Friday 27 May 2023
Highlights: Sunrise over the Kyzylkum Desert, Exploring the Caravanserai Rabat-I-Malik, Exploring historic old sector of Bukhara
I woke up around 5 am in our Yurt after a mostly peaceful night sharing accomandation with 4 other tour members. The early morning meant I have time to get up and see the sunrise over the Kyzylkum Desert.
Breakfast was served around 7.30 am as we swapped stories of last night around signing and dancing under the stars. There was no shower this morning in this remote place, so we all had a small degree of sand and salt (from the lake yesterday) as we left our camp ground at 8.30 am on a bumpy and vert slow drive out of the desert.
On the road to Bukhara we stopped at the Caravanserai Rabat-I-Malik in Navoiy Province. A caravanserai was accomandations setup along the Silk Road around the 11th century that were usually around 50 kms apart from each other. A trading group, which could be made up of 3,000 camels, could usually travel 10 kms a day so every 5th day they could stop at a place like this for a few days of rest, trading and refreshing time for themselves and their carmels.
A caravanserai would normally have a Sardaba, a cold cellar with water, nearby. We got to explore a rare sardaba that is still standing even if it isn’t really working anymore.
We arrived in Bukhara around 2 pm and checked into our hotel in the historic sector of the city. After some much needed showers and some hours rest we headed out to explore a little of the anicent city.
After only a few minutes walk our first stop was at the Nadir Divan-begi madrasah built in 1622 and the nearby Hodja Nasruddin Memorial statue which celebrates a local character who underplayed his intelligence and helped the poor.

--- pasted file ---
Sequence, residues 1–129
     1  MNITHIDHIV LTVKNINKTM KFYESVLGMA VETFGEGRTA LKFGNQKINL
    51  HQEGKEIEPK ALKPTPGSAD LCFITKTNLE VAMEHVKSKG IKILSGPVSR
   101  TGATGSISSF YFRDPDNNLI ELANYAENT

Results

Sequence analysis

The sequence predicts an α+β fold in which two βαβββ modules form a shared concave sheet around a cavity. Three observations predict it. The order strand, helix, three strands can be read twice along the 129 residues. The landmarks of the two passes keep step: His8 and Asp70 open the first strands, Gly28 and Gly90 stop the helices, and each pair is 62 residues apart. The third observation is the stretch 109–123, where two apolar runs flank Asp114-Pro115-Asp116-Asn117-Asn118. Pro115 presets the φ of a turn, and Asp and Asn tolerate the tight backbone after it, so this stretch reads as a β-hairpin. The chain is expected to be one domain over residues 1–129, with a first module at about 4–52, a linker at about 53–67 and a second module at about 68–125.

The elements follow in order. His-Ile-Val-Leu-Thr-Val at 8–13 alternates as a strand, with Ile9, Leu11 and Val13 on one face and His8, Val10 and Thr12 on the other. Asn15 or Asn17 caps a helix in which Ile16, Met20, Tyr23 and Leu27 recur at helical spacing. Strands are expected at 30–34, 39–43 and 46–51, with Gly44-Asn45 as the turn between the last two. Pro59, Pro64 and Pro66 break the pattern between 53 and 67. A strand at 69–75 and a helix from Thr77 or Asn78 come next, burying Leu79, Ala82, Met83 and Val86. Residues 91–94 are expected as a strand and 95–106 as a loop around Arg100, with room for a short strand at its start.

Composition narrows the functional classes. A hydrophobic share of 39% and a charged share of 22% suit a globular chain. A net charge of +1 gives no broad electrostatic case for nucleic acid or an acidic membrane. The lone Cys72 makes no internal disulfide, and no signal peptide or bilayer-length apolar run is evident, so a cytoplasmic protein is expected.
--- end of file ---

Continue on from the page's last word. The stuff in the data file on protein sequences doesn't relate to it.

Nearby to here was the beautiful Lyabi Hauz Pool which was created to help provide fresh clean and free water to residents in a city that gets extremely hot in summer and really most of the year.
We then visited a Master Puppet workshop to see how local puppet are made and were provided with a short demonstration of a puppet show. Glen and Bruce from our group found look a like puppets 🙂
Next up was a visit to the historic Jewish centre and a labyrinth of laneways. There are only around 200 Jewish families left in the area but we had a breif look at the Bukhara Synagogue and visited an old Jewish House that is now used as a resturant but gave us a good idea of construction from the 16th century.
We then walked to the Magoki Attor, or the “Pit of Herbalists”, recent research has found that in the past this was a Buddhist shrine, and from the 5th century a Zoroastrian fire temple, later used for Jewish ceremonies and finally as a mosque. The “pit” where the mosque stands is in fact the old actual street level of 12th century Bukhara.
From here is was time to explore various merchants which included miniature paintings and a metal crafts maker along with silk and other clothes makers.
We then stopped at two Madrasas (old school places of education) in Madrasa Abdul Aziz Khan and Mirzo Ulugbek Madrasa. Fabolous buildings.
Our last historic site for the day was Kalyan square which contains the Mir-I-Arab Madrasa, the Kalyan Mosque and the massive Kalyan Minaret which stands at 45.6 metres high. A very impressive complex.
From here we finished out the night having dinner in an old Jewish house now converted to a local resturarant.